China begins trial of four Rio Tinto employees

SHANGHAI: An Australian executive and three other employees of mining giant Rio Tinto went on trial Monday on charges of stealing secrets and offering bribes in a case viewed as a barometer of China's handling of foreign business.

China has warned against politicizing the case, which has been an irritant in relations with Australia.

Australia has protested the plan to close court sessions involving the commercial secrets charges.

The trial comes at a time of friction with the U.S. over China's currency policies and doubts among some in the foreign business community over Beijing's commitment to an open and fair business environment.

Australian citizen Stern Hu and three Chinese nationals were arrested nine months ago at a time when Rio Tinto was acting as lead negotiator for global iron ore suppliers in price talks with Chinese steel mills. Hu was Rio Tinto's senior executive in China in charge of iron ore.

The four were taken into a Shanghai court early Monday out of the public eye.

Few details of the allegations against the suspects have been made public, and the four Rio Tinto employees have not been allowed any public comment since their arrest.

Lawyers contacted over the weekend, ahead of Monday's trial, refused comment.

The Australian Department of Foreign Affairs and Trade issued a statement saying it was disappointed with the Chinese court's decision not to allow its consular officials to attend sessions having to do with commercial secrets.

"The Government's disappointment with the decision has been registered with Chinese officials in Beijing and Canberra.

The Australian Government does not propose to make further representations on this matter," it said in a statement issued over the weekend.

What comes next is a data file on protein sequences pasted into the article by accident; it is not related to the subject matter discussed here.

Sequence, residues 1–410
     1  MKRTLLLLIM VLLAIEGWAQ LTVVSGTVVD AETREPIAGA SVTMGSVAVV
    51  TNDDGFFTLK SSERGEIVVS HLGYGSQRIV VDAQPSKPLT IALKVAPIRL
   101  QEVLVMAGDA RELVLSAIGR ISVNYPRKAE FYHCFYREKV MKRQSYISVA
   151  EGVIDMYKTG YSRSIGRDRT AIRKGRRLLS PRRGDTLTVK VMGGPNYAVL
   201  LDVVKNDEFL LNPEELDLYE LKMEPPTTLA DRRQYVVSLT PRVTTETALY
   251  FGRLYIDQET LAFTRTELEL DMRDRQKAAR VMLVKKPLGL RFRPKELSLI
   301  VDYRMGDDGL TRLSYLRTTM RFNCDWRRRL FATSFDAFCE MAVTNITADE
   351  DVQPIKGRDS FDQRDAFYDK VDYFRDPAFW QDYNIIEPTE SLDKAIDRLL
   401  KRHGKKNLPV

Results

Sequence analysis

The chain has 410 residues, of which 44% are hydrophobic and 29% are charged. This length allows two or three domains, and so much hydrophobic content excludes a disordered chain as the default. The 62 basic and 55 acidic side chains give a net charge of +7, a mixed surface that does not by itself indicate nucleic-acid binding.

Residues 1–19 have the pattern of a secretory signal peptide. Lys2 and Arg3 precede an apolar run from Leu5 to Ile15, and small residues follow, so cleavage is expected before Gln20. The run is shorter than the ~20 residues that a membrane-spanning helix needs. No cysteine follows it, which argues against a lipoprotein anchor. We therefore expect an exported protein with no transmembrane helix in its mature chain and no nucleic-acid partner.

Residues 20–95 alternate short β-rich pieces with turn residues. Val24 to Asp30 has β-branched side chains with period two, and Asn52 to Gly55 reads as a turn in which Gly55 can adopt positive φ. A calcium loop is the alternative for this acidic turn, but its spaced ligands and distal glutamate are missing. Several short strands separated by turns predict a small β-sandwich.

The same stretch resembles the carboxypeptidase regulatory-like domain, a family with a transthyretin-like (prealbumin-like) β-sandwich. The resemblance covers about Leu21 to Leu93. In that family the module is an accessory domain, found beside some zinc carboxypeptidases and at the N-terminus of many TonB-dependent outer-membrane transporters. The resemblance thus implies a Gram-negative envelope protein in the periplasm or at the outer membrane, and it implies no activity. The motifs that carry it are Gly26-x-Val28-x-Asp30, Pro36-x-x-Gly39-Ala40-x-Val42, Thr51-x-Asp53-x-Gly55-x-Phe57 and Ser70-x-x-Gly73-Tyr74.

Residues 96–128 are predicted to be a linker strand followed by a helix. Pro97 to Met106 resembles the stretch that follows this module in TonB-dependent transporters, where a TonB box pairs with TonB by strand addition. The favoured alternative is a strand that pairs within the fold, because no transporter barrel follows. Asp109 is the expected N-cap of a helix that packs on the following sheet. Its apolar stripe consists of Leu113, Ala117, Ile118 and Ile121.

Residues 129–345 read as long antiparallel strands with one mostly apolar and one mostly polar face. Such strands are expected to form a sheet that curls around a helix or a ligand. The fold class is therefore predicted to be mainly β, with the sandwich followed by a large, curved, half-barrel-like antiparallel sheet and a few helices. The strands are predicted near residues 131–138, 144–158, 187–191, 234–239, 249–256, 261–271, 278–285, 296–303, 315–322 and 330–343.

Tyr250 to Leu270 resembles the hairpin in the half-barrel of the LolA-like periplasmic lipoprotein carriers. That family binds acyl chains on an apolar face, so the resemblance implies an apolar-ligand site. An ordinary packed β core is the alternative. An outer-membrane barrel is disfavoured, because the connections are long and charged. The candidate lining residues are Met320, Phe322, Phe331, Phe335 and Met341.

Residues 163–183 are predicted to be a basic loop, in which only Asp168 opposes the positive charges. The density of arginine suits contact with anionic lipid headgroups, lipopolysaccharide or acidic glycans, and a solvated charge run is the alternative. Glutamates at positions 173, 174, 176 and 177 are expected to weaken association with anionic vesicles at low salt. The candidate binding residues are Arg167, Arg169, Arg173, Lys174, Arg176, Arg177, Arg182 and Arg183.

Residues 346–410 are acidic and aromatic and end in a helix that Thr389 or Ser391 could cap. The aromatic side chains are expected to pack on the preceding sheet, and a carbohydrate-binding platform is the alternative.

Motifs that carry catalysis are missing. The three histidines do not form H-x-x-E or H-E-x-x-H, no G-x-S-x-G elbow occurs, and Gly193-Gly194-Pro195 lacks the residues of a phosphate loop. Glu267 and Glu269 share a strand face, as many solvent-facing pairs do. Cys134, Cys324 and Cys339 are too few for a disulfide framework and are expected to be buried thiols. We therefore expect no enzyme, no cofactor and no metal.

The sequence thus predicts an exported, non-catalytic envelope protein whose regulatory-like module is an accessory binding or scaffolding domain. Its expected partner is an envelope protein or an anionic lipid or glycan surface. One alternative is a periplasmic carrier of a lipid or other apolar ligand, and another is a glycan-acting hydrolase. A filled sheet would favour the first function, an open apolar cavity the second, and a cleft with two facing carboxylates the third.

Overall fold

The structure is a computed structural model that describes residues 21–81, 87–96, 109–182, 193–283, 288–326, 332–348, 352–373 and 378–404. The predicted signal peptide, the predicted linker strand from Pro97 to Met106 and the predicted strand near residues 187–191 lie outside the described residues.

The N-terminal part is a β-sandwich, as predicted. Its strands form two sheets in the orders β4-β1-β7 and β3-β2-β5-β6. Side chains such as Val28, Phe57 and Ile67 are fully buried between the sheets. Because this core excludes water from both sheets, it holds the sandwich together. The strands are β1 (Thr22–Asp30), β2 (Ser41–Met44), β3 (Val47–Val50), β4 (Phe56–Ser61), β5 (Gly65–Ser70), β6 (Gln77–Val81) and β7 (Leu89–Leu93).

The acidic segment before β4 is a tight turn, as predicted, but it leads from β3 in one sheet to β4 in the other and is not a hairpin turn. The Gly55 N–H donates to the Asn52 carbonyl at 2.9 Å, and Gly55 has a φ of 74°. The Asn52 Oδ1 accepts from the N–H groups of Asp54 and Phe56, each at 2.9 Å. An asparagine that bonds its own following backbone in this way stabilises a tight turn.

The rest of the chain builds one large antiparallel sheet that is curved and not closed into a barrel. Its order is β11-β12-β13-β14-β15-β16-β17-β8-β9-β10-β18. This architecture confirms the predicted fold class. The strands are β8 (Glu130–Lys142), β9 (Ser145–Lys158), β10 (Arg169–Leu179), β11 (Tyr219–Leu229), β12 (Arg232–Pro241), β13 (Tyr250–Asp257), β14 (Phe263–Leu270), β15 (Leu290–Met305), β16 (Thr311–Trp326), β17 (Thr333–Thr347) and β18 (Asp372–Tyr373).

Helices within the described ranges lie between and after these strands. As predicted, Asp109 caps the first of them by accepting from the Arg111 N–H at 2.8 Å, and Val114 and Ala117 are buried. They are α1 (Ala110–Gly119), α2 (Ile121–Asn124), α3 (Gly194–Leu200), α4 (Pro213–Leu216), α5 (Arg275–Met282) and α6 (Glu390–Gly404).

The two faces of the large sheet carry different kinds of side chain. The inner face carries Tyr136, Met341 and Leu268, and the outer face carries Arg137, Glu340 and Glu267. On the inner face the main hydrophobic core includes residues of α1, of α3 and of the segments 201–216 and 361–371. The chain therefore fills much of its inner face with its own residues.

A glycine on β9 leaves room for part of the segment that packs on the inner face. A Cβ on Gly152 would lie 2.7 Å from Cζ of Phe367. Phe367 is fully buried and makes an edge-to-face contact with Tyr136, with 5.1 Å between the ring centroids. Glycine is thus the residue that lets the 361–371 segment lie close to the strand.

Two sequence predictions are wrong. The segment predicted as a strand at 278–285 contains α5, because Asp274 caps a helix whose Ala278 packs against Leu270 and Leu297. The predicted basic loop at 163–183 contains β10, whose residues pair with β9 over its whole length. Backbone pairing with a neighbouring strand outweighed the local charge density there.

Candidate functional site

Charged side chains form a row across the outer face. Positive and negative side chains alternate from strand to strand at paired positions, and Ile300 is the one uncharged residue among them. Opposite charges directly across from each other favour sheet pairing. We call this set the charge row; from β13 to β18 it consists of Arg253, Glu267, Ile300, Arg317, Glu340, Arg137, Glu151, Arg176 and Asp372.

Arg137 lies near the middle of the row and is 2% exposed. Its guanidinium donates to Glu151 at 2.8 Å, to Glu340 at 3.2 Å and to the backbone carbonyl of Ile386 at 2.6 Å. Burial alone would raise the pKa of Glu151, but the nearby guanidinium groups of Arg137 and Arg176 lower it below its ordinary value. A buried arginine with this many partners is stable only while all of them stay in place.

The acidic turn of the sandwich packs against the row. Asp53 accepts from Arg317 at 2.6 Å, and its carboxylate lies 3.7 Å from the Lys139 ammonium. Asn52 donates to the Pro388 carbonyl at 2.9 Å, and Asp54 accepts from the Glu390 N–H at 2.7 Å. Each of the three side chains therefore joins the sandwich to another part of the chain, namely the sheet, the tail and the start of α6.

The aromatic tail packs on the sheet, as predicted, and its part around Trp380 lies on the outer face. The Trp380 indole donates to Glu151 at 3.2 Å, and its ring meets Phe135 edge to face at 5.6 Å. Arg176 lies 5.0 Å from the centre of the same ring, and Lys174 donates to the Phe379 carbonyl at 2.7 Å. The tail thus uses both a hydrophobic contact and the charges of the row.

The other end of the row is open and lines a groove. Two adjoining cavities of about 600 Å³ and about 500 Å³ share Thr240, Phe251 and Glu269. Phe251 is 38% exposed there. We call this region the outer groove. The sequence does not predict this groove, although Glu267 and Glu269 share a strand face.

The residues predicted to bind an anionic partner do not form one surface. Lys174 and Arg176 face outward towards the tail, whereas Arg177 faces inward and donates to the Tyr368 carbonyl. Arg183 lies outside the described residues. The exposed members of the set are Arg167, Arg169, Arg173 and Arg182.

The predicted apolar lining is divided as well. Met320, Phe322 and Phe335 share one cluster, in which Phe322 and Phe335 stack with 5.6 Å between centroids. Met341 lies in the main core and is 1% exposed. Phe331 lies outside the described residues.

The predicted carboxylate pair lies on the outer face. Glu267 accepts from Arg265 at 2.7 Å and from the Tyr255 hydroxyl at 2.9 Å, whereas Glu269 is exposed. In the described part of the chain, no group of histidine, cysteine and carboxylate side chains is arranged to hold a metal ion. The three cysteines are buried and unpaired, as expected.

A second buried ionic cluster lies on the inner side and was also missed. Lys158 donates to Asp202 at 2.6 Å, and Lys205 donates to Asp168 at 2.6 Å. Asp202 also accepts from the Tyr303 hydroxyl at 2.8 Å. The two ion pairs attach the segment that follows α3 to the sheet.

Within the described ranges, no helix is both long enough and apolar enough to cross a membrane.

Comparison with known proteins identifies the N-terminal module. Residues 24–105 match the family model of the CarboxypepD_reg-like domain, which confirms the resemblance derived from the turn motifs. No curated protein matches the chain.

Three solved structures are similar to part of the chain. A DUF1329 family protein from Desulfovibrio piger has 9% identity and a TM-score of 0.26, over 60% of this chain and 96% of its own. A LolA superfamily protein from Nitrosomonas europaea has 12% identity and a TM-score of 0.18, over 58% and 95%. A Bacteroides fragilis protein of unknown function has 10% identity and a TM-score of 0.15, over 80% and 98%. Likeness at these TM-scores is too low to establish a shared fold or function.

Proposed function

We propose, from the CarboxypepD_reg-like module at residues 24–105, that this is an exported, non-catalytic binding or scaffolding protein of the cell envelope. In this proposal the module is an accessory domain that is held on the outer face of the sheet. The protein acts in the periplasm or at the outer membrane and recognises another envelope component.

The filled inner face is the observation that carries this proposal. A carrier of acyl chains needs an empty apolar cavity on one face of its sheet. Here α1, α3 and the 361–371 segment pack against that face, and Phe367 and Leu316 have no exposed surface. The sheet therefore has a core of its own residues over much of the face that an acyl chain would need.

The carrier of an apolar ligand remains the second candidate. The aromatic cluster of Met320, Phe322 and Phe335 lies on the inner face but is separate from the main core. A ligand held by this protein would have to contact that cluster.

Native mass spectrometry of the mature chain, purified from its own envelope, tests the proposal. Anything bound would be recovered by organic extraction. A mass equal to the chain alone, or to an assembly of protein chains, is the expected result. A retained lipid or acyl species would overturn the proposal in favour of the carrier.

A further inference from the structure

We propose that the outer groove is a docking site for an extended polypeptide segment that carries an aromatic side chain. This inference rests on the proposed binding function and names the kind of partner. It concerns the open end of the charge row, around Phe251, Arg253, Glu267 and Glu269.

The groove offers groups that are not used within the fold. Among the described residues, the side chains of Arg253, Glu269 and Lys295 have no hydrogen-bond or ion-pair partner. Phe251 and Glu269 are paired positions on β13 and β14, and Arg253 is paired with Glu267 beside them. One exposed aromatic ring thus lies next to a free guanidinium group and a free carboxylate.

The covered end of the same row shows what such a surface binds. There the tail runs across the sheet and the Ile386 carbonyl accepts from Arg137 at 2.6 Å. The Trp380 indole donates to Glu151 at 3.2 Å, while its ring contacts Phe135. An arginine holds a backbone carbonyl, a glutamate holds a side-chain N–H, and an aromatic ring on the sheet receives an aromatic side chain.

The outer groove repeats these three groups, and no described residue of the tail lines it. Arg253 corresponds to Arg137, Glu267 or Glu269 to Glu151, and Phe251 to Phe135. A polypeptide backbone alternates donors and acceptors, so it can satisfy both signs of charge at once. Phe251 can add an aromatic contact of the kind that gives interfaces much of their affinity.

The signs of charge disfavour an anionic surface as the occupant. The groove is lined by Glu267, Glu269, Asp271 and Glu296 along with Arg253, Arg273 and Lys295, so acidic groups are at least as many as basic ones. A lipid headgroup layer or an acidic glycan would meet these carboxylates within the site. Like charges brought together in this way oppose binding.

It said Hu's lawyer, Duan Qihua, would be present throughout the trial. Australian consular officials will attend hearings involving the bribery charges, and the consul-general for Shanghai, Tom Connor, was seen entering the court.

He did not speak to several dozen reporters gathered in front of the court.

Rio Tinto has repeatedly said it hopes the case will be handled quickly and transparently.

In the meantime, it is moving ahead with its business in China, the world's biggest steel maker and thus its biggest consumer of iron ore.

The company recently appointed a new top executive for China and on Friday it announced an agreement with China's state-run aluminum giant Chinalco to develop an iron ore reserve in the West African country of Guinea.

Rio Tinto CEO Tom Albanese is due to attend a forum on China's role in the world economy in Beijing on Monday.

Lawmakers in Australia have urged their government to push more forcefully for an open trial.

Australian Prime Minister Kevin Rudd said Monday that his government will be monitoring the trial closely.

"China has a different legal system to Australia. China has a different legal system to the rest of the world," Rudd told reporters in the southern city of Melbourne.

"The world will be watching very closely how the trial is handled."

Almost all criminal cases that go to trial in China end in conviction.

The maximum penalty for commercial espionage is seven years in prison if the case is found to have caused extreme damage.

The maximum penalty for taking large bribes is five years.

China treats a wide range of commercial information as state secrets.

Chinese reports that the Rio employees were originally suspected of obtaining state secrets suggest they may have been caught up in an effort to control information exchanged during the iron ore talks.

The trial begins as China is again bogged down in iron ore price negotiations with foreign miners.

China has sought to convince Rio Tinto and other suppliers to give its mills lower prices than those paid by Japan and South Korea.

Miners reportedly are seeking price hikes of 90 percent or more this year. - AP

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